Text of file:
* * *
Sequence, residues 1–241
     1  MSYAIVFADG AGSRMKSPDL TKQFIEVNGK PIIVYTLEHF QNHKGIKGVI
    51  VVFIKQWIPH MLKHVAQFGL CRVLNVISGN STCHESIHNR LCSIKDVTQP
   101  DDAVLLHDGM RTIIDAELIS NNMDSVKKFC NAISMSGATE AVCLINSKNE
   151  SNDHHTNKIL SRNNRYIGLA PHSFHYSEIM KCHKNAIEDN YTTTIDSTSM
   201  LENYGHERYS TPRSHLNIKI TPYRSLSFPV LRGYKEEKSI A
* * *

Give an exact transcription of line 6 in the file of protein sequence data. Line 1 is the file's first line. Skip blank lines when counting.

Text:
   201  LENYGHERYS TPRSHLNIKI TPYRSLSFPV LRGYKEEKSI A